You’re going to have to rough it a little bit. “There’s no crying at Maverick Mountain,” laughs Birkenbuel.

But there is a sense of small-town cul-de-sac community.

“You can drop your kids off, and there’s only one way up and multiple ways down, but someone is going to help your kid get down,” says Birkenbuel.

That spirit is the legacy of long-time owner Randy Shilling, who sold the ski area in December after having run it for 25 years. Shilling had set out to climb a mountain and ended up buying one instead: he had saved up money to climb Mount Everest, but on a visit to Whitefish someone told him about a cool little mountain in southwest Montana he had to ski, and once there the then-owner offered to sell it to him. So he invested his Everest nest-egg in a mountain a mere 20,000 feet shorter.

It’s also a vestige of small-ski romanticism that stretches back only to the interwar ski boom but feels deeply embedded in American sport. It’s a business model that’s rapidly disappearing, owing to the proliferation of ski mega-corporations that have gobbled up small resorts, changing ski-consumer attitudes and several years of poor snowpack: a report by respected ski industry executive Bill Jensen last year predicted that nearly a third of the 470 ski areas in the United States will fail in the not-far-off future. 

New owner Erik Borge, a former ski racer and graduate of Montana State University-Bozeman, and his wife Kristi and their business partners — Borge’s friend Isaac Flemmer and fellow ski racer Matt Migel — inherited a small operation in a fickle and weather-dependent seasonal industry. But they also inherited a community of employees and regulars committed to keeping the ski area afloat.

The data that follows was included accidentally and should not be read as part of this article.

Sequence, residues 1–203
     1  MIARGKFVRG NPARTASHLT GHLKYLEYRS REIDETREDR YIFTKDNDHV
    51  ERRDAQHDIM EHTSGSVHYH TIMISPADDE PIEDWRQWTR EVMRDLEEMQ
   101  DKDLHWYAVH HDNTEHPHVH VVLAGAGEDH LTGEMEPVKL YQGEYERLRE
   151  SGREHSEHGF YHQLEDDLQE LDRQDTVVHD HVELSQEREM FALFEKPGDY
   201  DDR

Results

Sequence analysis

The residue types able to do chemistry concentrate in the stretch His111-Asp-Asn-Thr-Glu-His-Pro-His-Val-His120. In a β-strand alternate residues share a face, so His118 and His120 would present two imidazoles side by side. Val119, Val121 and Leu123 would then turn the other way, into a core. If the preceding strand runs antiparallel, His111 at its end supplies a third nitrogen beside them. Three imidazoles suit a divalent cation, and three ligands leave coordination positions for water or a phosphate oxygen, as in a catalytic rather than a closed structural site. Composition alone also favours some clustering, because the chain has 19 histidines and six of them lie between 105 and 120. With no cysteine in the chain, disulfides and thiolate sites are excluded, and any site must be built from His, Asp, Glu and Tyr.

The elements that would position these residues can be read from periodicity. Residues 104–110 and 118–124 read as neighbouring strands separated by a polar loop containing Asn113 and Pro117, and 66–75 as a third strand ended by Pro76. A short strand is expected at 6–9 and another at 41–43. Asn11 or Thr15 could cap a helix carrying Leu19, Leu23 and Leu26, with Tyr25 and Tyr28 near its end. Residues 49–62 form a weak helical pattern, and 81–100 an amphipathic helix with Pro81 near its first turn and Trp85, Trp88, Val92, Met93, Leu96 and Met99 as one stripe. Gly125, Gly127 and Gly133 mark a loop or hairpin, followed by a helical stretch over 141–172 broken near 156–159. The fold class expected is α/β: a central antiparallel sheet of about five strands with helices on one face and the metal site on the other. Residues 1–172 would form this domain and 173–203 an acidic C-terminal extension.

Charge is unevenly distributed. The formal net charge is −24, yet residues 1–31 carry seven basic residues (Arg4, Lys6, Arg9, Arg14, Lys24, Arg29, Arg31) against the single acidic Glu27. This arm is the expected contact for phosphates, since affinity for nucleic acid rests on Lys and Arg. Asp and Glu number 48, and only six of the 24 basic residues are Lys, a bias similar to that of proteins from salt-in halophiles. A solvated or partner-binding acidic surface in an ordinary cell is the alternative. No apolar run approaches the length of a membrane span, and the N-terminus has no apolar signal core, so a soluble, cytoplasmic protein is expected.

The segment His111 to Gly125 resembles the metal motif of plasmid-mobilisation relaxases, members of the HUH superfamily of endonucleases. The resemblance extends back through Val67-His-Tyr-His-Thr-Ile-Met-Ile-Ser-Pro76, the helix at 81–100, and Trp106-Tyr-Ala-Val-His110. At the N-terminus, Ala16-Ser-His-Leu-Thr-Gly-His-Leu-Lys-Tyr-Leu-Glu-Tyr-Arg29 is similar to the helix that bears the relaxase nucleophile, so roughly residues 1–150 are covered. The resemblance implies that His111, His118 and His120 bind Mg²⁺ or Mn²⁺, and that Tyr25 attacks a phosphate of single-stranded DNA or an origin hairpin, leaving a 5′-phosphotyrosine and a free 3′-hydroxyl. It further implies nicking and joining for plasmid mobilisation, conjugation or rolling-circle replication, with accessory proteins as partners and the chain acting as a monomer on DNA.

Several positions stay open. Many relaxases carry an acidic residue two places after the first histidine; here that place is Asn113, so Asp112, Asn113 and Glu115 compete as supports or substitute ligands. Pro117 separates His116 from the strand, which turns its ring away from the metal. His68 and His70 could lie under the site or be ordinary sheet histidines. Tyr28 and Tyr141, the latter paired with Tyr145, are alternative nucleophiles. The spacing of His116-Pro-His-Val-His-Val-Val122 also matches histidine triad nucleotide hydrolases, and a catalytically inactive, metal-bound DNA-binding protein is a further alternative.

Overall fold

“I’ve been skiing at Maverick for pretty much 38 years, and I feel like there’s a lot of pride that goes into that,” says Birkenbuel. “My dad ran the lift; my mom did ski patrol; my brother started the first snowboarding program. I taught skiing there.”

And Birkenbuel’s lift-line lineage is not unique.

 “Everybody gives back there,” says Birkenbuel. “I consider it my mountain. And if you ask the next guy he’ll say ‘It’s my mountain,’ too.” 

I’ve skied at Maverick only a few times, but I consider it my mountain too. Each time I’ve visited, I’ve returned raving to my ski buddies about the little ski hill in southwest Montana that they must ski to believe. When I skied there last, on Super Bowl Sunday, a group of local women had prepared a huge — and complimentary — buffet spread. A six-hour drive home ahead of me, I begged off, but the ladies urged me to stay and then sent me home with a to-go box and a passel of Rice Krispy treats wrapped in napkins.
It was the kind of community camaraderie that’s in rare supply these days, whether at a ski lodge or city square.

But, no matter how often out-of-towners like myself spill the beans about skiing’s little Shangri-la, Maverick will always put the “community” in community ski hill. 

“What keeps Maverick going is Dillon, Montana. You pass it on to the next generation,” says Birkenbuel. “Maverick is still in my dreams and hopes of skiing there the rest of my life. I hope I’m like Robert [Marchesseau] when I’m in my eighties.”

“[Shilling] always said, ‘It’s the way skiing used to be.’ And I talked to Warren Miller about it once and he said ‘No, it’s the way skiing should be.’”